The story of the Minutemen is also the tale of the lifelong friendship of D. Boon and bassist Mike Watt, at right. According to Nels Cline, the two pals had their own “sovereign states. One was identified as ‘treble’ and the other as ‘bass.’”
Photo courtesy of Mike Watt
“I Felt Like a Gringo,” off their album Buzz or Howl Under the Influence of Heat, is quintessential Minutemen. It also encapsulates many of the qualities in Boon’s playing. The song’s primary theme is a unison odd-metered line, with hyper-fast funk comping under the vocals, and a guitar solo that starts with an extended quote from the Champs’ 1958 hit, “Tequila.” It eschews the standard verse/chorus formula and clocks in at under two minutes.
That minimalist approach applied to the studio, too. Their first full-length album, 1981’s The Punch Line, was recorded at Media Art Studio in Hermosa Beach, California. “We had an old Tangent 3216 console, which, frankly, I thought was a great-sounding board,” Spot says. “It wasn’t considered the most state-of-the-art board, but for what I call ‘gut-bucket music,’ you could really get a good sound going to tape.” The recording was quick, as was the mixing, and it required very little EQ. “At one point I realized, ‘Wait a minute, these tracks don’t need any EQ on them.’ The rough mixes of the basic tracks on a cassette sounded incredibly good, and they were coming off the machine straight—no EQ, no nothing. I think there were one or two tracks that I needed to put a little compression on, and maybe something through an outboard EQ, but other than that, everything else was just a raw signal with no reverb or any kind of effects on it.”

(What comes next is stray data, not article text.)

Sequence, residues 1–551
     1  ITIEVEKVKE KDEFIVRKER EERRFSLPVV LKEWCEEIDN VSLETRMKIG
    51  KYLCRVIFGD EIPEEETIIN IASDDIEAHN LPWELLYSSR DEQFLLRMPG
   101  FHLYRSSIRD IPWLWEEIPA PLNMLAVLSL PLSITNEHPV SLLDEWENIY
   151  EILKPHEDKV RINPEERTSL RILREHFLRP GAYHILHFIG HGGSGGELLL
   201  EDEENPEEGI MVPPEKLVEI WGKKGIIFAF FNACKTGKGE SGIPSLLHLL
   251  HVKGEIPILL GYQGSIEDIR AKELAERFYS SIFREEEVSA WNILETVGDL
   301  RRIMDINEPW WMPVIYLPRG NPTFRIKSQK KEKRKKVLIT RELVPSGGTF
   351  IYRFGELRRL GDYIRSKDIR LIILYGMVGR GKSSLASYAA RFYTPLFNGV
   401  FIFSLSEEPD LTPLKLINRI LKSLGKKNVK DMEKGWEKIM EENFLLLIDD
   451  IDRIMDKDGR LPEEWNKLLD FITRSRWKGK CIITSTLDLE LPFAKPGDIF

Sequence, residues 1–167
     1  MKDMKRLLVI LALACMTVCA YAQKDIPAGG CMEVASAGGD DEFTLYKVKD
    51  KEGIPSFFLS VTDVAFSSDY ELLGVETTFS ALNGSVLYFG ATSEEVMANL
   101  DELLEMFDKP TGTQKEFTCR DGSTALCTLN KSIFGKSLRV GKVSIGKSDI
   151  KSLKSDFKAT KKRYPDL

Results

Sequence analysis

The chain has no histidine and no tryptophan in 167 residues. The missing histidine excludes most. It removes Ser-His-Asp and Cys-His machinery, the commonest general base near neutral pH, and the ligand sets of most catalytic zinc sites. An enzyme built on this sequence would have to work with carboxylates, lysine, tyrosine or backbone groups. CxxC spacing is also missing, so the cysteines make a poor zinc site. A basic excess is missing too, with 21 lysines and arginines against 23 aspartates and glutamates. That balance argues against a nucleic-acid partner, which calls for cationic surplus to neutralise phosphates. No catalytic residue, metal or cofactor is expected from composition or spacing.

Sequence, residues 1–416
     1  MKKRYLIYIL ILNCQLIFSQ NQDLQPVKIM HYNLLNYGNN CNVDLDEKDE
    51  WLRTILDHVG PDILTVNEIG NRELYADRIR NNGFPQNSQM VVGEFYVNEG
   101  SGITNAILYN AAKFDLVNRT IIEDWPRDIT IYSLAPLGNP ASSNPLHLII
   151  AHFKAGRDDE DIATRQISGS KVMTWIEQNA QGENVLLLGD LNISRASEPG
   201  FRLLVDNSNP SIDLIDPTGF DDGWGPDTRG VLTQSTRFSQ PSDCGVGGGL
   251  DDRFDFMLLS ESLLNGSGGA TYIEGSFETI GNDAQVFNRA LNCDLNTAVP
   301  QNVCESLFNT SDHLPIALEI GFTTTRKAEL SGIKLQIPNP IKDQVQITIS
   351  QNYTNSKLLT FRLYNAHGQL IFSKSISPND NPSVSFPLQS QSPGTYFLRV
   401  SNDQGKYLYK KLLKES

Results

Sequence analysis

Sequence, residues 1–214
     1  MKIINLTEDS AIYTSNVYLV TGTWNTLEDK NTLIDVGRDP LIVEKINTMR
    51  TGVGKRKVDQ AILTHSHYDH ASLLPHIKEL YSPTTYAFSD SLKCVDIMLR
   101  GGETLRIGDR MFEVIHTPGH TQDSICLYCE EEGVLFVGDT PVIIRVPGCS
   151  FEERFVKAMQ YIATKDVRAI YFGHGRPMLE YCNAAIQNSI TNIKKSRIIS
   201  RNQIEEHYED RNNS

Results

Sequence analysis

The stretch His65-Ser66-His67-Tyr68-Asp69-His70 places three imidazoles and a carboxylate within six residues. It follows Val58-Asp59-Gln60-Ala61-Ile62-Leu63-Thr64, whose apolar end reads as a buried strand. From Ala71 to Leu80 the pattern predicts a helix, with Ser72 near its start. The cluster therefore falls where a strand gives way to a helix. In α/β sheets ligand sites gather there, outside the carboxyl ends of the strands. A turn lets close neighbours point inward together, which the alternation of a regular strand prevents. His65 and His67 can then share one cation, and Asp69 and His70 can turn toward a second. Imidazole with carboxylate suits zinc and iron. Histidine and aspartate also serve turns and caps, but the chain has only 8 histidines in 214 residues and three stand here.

“The first records were kind of like gigs,” Watt adds. “We even played them in order so we didn’t have to spend money on sequencing.”
But as simple as their approach was, they refined that even more. “Paranoid Time and The Punch Line were done on a 16-track machine,” Spot says. “What Makes a Man Start Fires? was 24-track. But somewhere in that whole thing, Mike was grousing about the multitrack stuff. He was a guy who, kind of like me, was very much influenced by the jazz approach, where you go into the studio, do it live, and don’t worry about any of that other stuff. I found a studio up in Hollywood. It was an 8-track studio, and the guy who owned the place said, ‘If you really want to go for what you’re describing, why don’t you just do it live to 2-track?’ And that was one of the best things I ever heard.”
Playing for Change
Spot recorded the tracks for Buzz or Howl Under the Influence of Heat live to 2-track. They didn’t use that approach for their next album, their magnum opus, Double Nickels on the Dime, but it was definitely done “econo”—a term the band coined and lived by.
“That record cost $1,100,” Watt says. “Almost all that stuff is one take. D. Boon went back though and overdubbed some lead guitar. And it’s 8-track. It’s kick, snare, toms in stereo, bass, guitar, vocal, and then maybe guitar overdub. That’s all the tracks.”
The overdubbed solos on Double Nickels, as well as on subsequent sessions, were done at the behest of Ethan James, the engineer and owner of Radio Tokyo, where the album was recorded. (James was also the keyboardist in a late-’60s incarnation of Blue Cheer.) Boon used a Gibson ES-125 for those overdubs. The guitar had a soap bar pickup in the neck position and he ran it through an Ibanez Tube Screamer. But other than on those overdubs, he almost never used distortion or effects.
By that point, Boon was using much better gear. “He had a Super Twin,” Mascis says about Boon’s amp. “It was a 180-watt Twin with six tubes, from the late ’70s or early ’80s.”
“After his Bandmaster amp, D. Boon pretty much fell in love with Twin Reverbs,” Spot says. “The Twin Reverb was what they would call a ‘proper amp.’ It was a silverface. It had a master volume control on it. His was a good one.”